Furthermore, Intel also plans to set up a production plant in Europe, but the chip giant hopes to get big government subsidies to make production competitive. According to Intel, about $10 billion in incentives are needed to make production in Europe work. Intel is considering setting up shop in Germany or in the Benelux region.
European and US politicians are keen on bringing back semiconductor production, partly on national security grounds. A quarter of a century ago, the US made 37 percent of global semiconductor chips. Today, this number of just 12 percent. Intel CEO Pat Gelsinger tries to surf on today's sentiment to get incentives to kickstart Intel's foundry division.
Gelsinger: Catching up with TSMC will take yearsGelsinger also admitted that TSMC is ahead and that catching up with the Taiwanese foundry giant will take Intel a couple of years:
Lesley Stahl: They're ahead of you on the manufacturing side.
Pat Gelsinger: Yeah.
Lesley Stahl: Considerably ahead of you.
Pat Gelsinger: We believe it's gonna take us a couple of years and we will be caught up.
Gelsinger is making big bets: breaking ground on two new giant fabs in Arizona, costing $20 billion; Intel's largest investment ever. And he'll announce this week a three and a half billion dollar upgrade of this fab in New Mexico.
Shortages will not be gone soonFor many months now, lots of electronics parts have been in short supply. Gelsinger expects this situation will not resolve itself in the coming months. In fact, Gelsinger warns it will take a couple of years until every aspect of business has caught up with the surge in demand.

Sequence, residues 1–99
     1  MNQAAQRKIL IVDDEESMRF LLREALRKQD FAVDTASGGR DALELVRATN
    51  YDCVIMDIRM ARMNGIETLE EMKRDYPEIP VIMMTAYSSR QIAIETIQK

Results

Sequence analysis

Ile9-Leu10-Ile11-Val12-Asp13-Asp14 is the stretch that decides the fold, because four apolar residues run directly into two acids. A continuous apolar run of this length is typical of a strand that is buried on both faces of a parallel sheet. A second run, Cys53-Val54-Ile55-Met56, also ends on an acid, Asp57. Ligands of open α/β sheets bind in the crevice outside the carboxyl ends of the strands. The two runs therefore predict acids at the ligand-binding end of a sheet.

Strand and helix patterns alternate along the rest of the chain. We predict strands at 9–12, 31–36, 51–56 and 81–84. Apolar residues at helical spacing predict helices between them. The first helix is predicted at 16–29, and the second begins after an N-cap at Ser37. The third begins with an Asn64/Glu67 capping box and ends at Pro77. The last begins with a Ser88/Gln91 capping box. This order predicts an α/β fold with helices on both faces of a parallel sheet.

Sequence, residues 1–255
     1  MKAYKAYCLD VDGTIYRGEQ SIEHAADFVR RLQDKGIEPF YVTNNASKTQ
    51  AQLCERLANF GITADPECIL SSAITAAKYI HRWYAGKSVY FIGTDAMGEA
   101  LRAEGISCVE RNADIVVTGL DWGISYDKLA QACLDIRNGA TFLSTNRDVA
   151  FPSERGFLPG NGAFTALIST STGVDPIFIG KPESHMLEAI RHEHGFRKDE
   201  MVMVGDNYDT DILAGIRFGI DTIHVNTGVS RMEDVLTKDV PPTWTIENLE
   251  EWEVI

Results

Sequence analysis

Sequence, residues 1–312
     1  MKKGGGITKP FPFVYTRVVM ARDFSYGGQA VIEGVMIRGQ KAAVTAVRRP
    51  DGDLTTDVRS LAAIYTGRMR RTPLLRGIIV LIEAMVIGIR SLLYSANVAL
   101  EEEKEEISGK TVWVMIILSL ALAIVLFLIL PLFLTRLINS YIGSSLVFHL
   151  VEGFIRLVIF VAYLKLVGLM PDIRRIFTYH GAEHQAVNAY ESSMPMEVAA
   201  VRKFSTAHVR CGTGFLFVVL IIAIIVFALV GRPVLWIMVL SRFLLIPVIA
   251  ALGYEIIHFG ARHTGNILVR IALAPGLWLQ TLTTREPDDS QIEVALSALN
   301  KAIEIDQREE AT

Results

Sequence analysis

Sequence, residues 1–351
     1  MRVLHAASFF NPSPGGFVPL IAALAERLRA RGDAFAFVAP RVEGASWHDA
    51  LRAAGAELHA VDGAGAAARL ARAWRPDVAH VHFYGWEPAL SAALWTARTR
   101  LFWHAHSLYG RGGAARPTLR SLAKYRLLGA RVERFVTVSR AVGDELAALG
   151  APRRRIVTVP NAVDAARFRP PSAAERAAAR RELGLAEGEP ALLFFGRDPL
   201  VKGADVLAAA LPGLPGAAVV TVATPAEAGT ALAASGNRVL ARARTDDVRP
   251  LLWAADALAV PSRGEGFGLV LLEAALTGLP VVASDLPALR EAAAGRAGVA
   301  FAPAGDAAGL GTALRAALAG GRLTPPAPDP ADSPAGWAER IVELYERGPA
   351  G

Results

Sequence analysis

$10 billion fab in Israel tooThe investments from Intel just keep coming. Reuters writes Intel is also investing $600 million in an R&D expansion of the Mobileye self-driving car unit in Israel. Furthermore, Intel confirmed it's spending $10 billion on a new production facility in Israel. The first phase of construction has already begun. The news about this plant was announced by Israel in 2019, but up until now, Intel never acknowledged it.
Israel's Finance Ministry in early 2019 said Intel would get a $1 billion grant to build an $11 billion chip plant, although at the time Intel would not confirm the amount. On Sunday, Intel said investment would be $10 billion and the first phase of construction has begun.
UMC plans $3.6 billion 28nm expansionIn related news, UMC is planning a big expansion of its 28nm production capacity. While tech publications usually talk about cutting-edge production, as this is the type used for processors and video cards, a lot of today's manufacturing is done on mature nodes. UMC is investing a total of NT$100 billion, about $3.6 billion, to expand 28nm production at its 300mm Fab 12A facility in Tainan, Taiwan. In the future, this facility can be upgraded for 14nm gear.
UMC said it has worked out an agreement with several of its leading customers that’ll guarantee long-term chip supply in exchange for upfront deposits and pre-set pricing. Phase six, as the program is being called, will be equipped with mature 28nm tools that can later be swapped for 14nm gear to accommodate future roadmaps.